Saudi Arabia's women drivers get ready to steer their lives

by Reuters
Tuesday, 19 June 2018 06:00 GMT

Trainee Amira Abdelgader gets into a car for her driving lesson at Saudi Aramco Driving Center in Dhahran, Saudi Arabia, June 6, 2018. REUTERS/Ahmed Jadallah

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"We need the car to do our daily activities. We are working, we are mothers, we have a lot of social networking, we need to go out - so we need transport. It will change my life."

* Wider Image picture essay https://reut.rs/2thn2qN

DHAHRAN, Saudi Arabia, June 19 (Reuters) - On June 24, when Saudi women are allowed to drive for the first time, Amira Abdulgader wants to be sitting at the wheel, the one in control, giving a ride to her mother https://reut.rs/2thn2qNbeside her.

"Sitting behind the wheel (means) that you are the one controlling the trip," said the architect, dressed in a black veil, who has just finished learning to drive. "I would like to control every single detail of my trip. I will be the one to decide when to go, what to do, and when I will come back."

A driving instructor teaches road signs to trainee Amira Abdulgader during a driving lesson at Saudi Aramco Driving Center in Dhahran, Saudi Arabia, June 6, 2018. REUTERS/Ahmed Jadallah

Abdulgader is one of about 200 women at the state oil firm Aramco taking advantage of a company offer to teach female employees and their families at its driving academy in Dhahran to support the social revolution sweeping the kingdom.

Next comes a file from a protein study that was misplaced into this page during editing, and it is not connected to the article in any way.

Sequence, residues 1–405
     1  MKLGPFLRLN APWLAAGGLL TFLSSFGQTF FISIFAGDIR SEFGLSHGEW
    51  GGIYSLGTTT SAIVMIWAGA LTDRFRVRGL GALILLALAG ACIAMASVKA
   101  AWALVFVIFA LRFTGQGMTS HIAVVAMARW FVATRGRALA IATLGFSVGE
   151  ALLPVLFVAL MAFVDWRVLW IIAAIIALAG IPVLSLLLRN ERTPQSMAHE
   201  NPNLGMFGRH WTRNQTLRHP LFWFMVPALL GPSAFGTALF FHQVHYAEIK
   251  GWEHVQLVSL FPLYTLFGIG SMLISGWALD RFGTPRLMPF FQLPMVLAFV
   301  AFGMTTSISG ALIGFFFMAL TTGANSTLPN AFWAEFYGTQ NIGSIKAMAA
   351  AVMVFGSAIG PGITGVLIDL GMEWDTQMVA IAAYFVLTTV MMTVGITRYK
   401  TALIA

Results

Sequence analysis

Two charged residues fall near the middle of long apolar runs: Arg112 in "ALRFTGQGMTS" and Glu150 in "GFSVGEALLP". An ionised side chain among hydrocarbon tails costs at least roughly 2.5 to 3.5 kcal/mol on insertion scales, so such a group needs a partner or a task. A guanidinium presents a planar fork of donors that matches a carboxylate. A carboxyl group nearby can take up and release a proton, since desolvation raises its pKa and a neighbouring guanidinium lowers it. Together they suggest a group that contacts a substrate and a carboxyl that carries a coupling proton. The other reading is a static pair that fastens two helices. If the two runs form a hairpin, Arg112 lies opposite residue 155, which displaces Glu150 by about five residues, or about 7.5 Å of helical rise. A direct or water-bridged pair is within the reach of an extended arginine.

"We need the car to do our daily activities. We are working, we are mothers, we have a lot of social networking, we need to go out - so we need transport," she said. "It will change my life." 

Trainees Maria al-Faraj (C) and Amira Abdelgader check oil level in the engine with their driving instructor (R) during a lesson at Saudi Aramco Driving Center in Dhahran, Saudi Arabia, June 6, 2018. REUTERS/Ahmed Jadallah

Women make up about five percent of Aramco's 66,000 staff, meaning that 3,000 more could eventually enrol in the driving school.

Last September, King Salman decreed an end to the world's only ban on women drivers, maintained for decades by Saudi Arabia's deeply conservative Muslim establishment.

But it is his son, 32-year-old Crown Prince Mohammed bin Salman, who is the face of the wider social revolution.

A driving instructor (back) teaches trainee Maria al-Faraj during a driving lesson on a 3D screen at Saudi Aramco Driving Center in Dhahran, Saudi Arabia, June 6, 2018. REUTERS/Ahmed Jadallah

Many young Saudis regard his ascent to power as proof that their generation is finally getting a share of control over a country whose patriarchal traditions have for decades made power the province of old men.

For Abdulgader, June 24 will be the day to celebrate that change, and there is only one person she wants to share it with.

"On June 24, I would like to go to my mother's house and take her for a ride. This is my first plan actually, and I would like really to enjoy it with my mother. Just me and my mother, without anyone else."

(Reporting by Rania El Gamal; Editing by Kevin Liffey and Alison Williams)

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